Choice between two offers

I was lucky enough to get two offers for a summer analyst position:

1) HSBC Global Banking Advisory, London
2) Bank of America Advisory, Hong Kong

Having trouble deciding between the two and could use some advice.

As far as I'm concerned, the pros of HSBC are that one of the Associates told me they will be giving most of their (12) advisory interns full time offers this year considering the standard of applicants. Also, unlike the BofA offer I got the internship through the interview process. Cons, its HSBC Advisory, so lower dealflow, less focus on investment banking company-wide (they recently scrapped their healthcare team for example), also the people there didn't seem to enjoy their work, or working at HSBC.

I'd be interested if anyone knows what BofA in Hong Kong is like. Cons first, I got the internship through a family friend without an interview, so as far as getting a job at the end goes I don't really know. I've spent some time studying Mandarin (far from fluent though). Basically, it has a better reputation, and more focus on Advisory, also Hong Kong is amazing and it'd look great on a CV.

What do you guys think?

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Comments (8)

Apr 3, 2009 - 10:24am

HongKong, for the wow factor and the experience of Asia itself. I have heard London is a pretty depressing place to be these days...

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Apr 3, 2009 - 12:16pm

If your family friend had so much pull as to give you an internship without an interview, is it not fair to say that you have a decent shot at a FT offer so long as you are a decent/good intern? I can imagine it working against someone if they were average or below par (others besides the family friend thinking - well this guy kinda just waltzed in here via connections, etc. - there was an intern at my old group who was just abysmal - it was very obvious he got in via alumni help or something) but that will be the case regardless given the limited spots this year.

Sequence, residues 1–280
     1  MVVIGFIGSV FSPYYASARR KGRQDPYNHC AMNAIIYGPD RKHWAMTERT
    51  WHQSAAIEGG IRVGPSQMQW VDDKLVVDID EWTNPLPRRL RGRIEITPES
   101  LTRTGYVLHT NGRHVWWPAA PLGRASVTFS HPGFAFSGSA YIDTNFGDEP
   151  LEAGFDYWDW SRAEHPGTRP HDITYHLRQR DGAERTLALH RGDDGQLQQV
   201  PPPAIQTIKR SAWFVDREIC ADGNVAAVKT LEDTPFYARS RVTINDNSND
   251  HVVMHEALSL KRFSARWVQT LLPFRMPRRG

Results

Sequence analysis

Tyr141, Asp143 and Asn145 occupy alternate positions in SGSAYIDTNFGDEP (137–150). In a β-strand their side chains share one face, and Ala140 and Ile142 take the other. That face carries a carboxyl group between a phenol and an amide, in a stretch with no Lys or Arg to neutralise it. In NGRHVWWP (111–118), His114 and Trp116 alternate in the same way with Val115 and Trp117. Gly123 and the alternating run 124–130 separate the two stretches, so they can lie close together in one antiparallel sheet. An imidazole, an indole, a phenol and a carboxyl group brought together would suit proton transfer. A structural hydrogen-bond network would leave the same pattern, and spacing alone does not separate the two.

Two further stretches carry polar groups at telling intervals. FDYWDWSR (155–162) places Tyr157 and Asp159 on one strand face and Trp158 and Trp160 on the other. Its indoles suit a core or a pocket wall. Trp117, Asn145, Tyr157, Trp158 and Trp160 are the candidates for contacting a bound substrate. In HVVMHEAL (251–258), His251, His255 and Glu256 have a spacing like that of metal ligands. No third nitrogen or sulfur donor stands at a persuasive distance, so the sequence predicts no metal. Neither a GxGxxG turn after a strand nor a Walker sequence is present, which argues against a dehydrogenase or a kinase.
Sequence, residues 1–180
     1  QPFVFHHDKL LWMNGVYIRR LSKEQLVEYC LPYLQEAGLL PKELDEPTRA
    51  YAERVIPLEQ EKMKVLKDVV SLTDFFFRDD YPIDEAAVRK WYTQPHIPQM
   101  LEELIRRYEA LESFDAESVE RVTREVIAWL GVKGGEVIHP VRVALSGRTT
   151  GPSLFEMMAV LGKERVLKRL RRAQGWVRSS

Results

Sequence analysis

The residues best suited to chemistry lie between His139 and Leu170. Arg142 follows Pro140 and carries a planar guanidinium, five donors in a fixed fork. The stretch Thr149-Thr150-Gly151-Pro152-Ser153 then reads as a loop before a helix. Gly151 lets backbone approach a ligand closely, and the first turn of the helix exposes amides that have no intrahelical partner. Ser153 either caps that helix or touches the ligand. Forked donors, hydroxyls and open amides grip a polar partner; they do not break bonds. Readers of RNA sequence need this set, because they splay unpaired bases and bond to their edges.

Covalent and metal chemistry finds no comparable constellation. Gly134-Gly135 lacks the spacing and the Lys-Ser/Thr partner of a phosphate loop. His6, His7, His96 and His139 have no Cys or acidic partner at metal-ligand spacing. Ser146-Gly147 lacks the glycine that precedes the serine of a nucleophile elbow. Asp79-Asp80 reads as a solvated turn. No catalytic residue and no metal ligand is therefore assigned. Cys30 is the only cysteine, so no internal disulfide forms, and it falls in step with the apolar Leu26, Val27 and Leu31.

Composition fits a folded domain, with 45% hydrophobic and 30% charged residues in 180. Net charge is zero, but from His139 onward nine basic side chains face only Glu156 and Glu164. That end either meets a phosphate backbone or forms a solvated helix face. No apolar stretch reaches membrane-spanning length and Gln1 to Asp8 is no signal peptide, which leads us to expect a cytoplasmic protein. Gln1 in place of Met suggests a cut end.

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Apr 3, 2009 - 1:54pm

Educated HK citizens speak English better than the average American. They use a larger vocabularly than the average American and have less run-on sentences as well as better spelling and even grammar. There was an article on this but I'm too lazy to go dig it up. What screws the Americans in this research are all the Urban and Southern people.

Anyways, you'll be fine speaking English.

Apr 3, 2009 - 2:40pm

one more add to juniorr's point

If you want to be successful in HK doing banking, Mandarin is also a must.

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